Monday, 1 April 2013

Carlsen to challenge Anand

Magnu Carlsen will play against current Worlds Champion Vishvanatan Anand for the chess crown later this year.
This is decided in today´s dramatic ending in London.
Carlsen and Kramnik shared the first place, but Carlsen had slightly better tie-break and he will face the Indian player in the World Championship match.
Before the last round I thought that all the chances are on Carlsen´s side.

In the round number 13 (next to last), it could be all over for Norwegian player.
He struggled to make something in his game against Radjabov, while Kramnik had substantial advantage against Boris Gelfand.
What happened latter was that Gelfand defended superb, and took a draw.
Carlsen continued to put a pressure on Radjabov, and in the third time trouble, the second mentioned player collapsed.
In that moment Carlsen and Kramnik was completely levelled on the top, but, an very important but, Carlsen had better tie-break.
He won more games then Kramnik (and had more defeats).
This rule somehow reminds me of away goal rule in football cup competitions.

Today, Carlsen had a clear situation in front of him.
If he wins, he does not depends on the result of the second game.
He was white against Peter Svidler.
In other scenario, he needed to do at least a same as Kramnik.

Kramnik´s task was quite difficult. He clearly missed his chance in 13th round.
He needed to score half a point more then Carlsen, but considering that Carlsen will not lose, he played for all or nothing, as black against Ivanchuk.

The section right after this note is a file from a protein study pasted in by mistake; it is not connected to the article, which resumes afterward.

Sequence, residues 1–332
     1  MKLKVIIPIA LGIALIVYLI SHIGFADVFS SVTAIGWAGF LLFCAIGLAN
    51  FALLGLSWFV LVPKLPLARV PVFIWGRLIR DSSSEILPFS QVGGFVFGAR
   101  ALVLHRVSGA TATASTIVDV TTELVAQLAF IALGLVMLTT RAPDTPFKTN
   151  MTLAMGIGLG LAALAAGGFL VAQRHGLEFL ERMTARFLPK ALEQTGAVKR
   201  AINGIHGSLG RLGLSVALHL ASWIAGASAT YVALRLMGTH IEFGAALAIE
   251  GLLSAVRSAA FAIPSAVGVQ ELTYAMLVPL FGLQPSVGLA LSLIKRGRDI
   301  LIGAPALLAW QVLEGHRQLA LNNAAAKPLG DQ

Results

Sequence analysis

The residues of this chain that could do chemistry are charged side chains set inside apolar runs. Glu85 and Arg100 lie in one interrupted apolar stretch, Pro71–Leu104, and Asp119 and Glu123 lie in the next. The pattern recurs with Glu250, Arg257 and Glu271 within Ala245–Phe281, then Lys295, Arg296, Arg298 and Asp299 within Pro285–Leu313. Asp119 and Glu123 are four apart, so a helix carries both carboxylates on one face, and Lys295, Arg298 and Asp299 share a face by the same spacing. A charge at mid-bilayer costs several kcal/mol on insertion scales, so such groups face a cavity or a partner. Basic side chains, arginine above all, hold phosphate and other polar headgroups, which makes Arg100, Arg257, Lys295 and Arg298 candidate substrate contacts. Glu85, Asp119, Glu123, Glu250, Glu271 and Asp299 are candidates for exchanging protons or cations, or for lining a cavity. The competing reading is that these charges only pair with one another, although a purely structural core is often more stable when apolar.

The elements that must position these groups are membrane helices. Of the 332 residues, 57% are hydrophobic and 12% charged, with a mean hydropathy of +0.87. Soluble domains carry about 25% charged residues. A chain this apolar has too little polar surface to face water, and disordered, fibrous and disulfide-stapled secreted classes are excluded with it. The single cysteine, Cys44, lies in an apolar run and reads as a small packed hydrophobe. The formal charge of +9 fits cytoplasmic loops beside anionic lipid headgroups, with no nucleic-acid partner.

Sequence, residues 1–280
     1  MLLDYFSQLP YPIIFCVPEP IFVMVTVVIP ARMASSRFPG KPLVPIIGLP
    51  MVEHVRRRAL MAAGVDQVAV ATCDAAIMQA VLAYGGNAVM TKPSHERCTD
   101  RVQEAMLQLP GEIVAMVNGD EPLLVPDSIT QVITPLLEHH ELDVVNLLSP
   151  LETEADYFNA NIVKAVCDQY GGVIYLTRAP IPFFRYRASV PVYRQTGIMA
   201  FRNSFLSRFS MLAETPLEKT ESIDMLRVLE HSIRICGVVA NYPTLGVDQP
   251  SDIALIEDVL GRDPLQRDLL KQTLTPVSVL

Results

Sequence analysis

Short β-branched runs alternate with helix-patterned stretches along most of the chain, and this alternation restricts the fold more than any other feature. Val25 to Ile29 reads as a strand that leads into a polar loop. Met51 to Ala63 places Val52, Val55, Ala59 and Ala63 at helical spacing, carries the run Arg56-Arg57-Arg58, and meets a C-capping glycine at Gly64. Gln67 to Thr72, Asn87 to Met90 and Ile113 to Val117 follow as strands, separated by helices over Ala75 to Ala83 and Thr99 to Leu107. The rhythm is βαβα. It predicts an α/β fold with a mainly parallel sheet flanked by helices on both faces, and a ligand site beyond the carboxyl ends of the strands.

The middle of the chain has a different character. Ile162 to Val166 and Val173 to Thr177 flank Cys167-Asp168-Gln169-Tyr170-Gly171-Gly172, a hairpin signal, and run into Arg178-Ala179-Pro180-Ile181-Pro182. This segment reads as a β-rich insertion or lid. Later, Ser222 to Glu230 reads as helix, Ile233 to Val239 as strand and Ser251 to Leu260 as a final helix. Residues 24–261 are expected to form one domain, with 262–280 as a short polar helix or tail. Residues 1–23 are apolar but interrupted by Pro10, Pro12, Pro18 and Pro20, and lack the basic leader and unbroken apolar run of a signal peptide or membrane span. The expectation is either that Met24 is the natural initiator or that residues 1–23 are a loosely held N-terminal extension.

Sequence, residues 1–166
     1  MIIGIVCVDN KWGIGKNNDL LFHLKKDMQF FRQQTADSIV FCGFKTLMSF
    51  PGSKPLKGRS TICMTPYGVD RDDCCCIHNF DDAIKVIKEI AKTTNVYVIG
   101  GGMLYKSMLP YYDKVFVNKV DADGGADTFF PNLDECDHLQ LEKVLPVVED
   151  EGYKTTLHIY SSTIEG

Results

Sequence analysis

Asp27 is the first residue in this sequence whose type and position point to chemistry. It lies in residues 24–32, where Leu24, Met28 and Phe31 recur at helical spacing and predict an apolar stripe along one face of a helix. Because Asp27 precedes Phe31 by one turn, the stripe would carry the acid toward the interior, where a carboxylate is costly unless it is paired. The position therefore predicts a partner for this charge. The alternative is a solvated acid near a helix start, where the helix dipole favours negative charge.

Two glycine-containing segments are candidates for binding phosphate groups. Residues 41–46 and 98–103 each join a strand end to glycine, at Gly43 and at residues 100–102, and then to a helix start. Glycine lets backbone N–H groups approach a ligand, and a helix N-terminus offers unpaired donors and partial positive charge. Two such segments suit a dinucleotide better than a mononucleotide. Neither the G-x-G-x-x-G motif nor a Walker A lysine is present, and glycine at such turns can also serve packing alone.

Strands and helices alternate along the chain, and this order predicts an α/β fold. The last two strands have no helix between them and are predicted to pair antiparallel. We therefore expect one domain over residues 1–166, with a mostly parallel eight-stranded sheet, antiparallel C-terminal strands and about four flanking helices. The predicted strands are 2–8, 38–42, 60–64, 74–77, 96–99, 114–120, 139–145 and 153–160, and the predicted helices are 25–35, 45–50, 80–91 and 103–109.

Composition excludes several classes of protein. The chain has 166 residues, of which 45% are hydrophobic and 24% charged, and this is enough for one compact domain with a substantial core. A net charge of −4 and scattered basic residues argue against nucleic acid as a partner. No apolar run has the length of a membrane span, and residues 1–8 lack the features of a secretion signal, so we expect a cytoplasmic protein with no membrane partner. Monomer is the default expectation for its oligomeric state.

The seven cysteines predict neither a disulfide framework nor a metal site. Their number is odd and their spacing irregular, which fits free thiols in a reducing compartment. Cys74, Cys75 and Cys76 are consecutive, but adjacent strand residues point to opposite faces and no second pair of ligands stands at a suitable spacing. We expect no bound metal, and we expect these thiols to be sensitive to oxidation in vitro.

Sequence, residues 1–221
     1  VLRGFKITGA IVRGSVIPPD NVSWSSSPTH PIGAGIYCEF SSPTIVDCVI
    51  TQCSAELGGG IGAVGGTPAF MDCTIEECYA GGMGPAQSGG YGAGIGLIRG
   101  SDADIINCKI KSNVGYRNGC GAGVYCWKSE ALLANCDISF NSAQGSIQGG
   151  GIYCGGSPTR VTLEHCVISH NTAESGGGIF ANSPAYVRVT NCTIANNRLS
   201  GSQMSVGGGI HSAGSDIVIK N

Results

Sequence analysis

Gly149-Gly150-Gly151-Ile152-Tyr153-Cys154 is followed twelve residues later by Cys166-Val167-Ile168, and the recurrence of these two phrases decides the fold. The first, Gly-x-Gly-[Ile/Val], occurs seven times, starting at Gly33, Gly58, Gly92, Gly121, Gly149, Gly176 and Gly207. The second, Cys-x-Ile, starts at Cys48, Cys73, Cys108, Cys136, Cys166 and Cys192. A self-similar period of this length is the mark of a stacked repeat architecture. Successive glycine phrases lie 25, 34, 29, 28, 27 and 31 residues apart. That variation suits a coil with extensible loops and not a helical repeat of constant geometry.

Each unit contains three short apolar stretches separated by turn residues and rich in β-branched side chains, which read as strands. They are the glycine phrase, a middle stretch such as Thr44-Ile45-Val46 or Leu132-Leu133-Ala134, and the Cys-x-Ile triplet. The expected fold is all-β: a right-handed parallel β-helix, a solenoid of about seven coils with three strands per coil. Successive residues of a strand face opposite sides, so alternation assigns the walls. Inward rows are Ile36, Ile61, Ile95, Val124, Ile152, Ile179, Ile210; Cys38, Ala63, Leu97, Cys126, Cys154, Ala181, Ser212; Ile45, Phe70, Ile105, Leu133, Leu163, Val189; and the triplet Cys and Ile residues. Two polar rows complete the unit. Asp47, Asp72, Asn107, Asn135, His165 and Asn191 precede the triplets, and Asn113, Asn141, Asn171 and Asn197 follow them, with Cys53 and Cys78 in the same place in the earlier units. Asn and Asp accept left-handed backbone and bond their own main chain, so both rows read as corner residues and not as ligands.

He was slightly worse all of the time, but in a very complicated position.
Carlsen spent unusually lot of time against Svidler and misplayed his position in the time trouble.
It was obvious that he is dead lost after the time control.
If Kramnik new it that Carlsen is lost, he would surly try to avoid a big risks against Ivanchuk, but he just tried to create something out of nothing and he also got a dead lost position after the time trouble.
Carlsen resigned first against Svidler, but already in that moment he could see that Ivanchuk will defeat Kramnik.

The only thing that could save Kramnik in that moment was if Ivanchuk goes outside of the Savoy and forget to come back.

However, here is the final standings.

Besides Kramnik and Carlsen who apparently played the best chess in the event, Aronian and Svidler played quite well.

In the press conference after the tournament Carlsen said that he played the best chess (up to the last three rounds) and that Kramnik had a luck in some of the games.
I thought that this statement was a bit exaggerate, but then he explained that Kramnik had a fantastic preparation, even better then most people thinks.
He said that looking at the position after the opening Kramnik would be a clear winner, but he failed to convert many of his good positions.
In the second part of the games, Carlsen made less mistakes then Kramnik.

I think that both parts of the game are very important, and as table shows, both players managed to get the same number of points, with their different chess styles.

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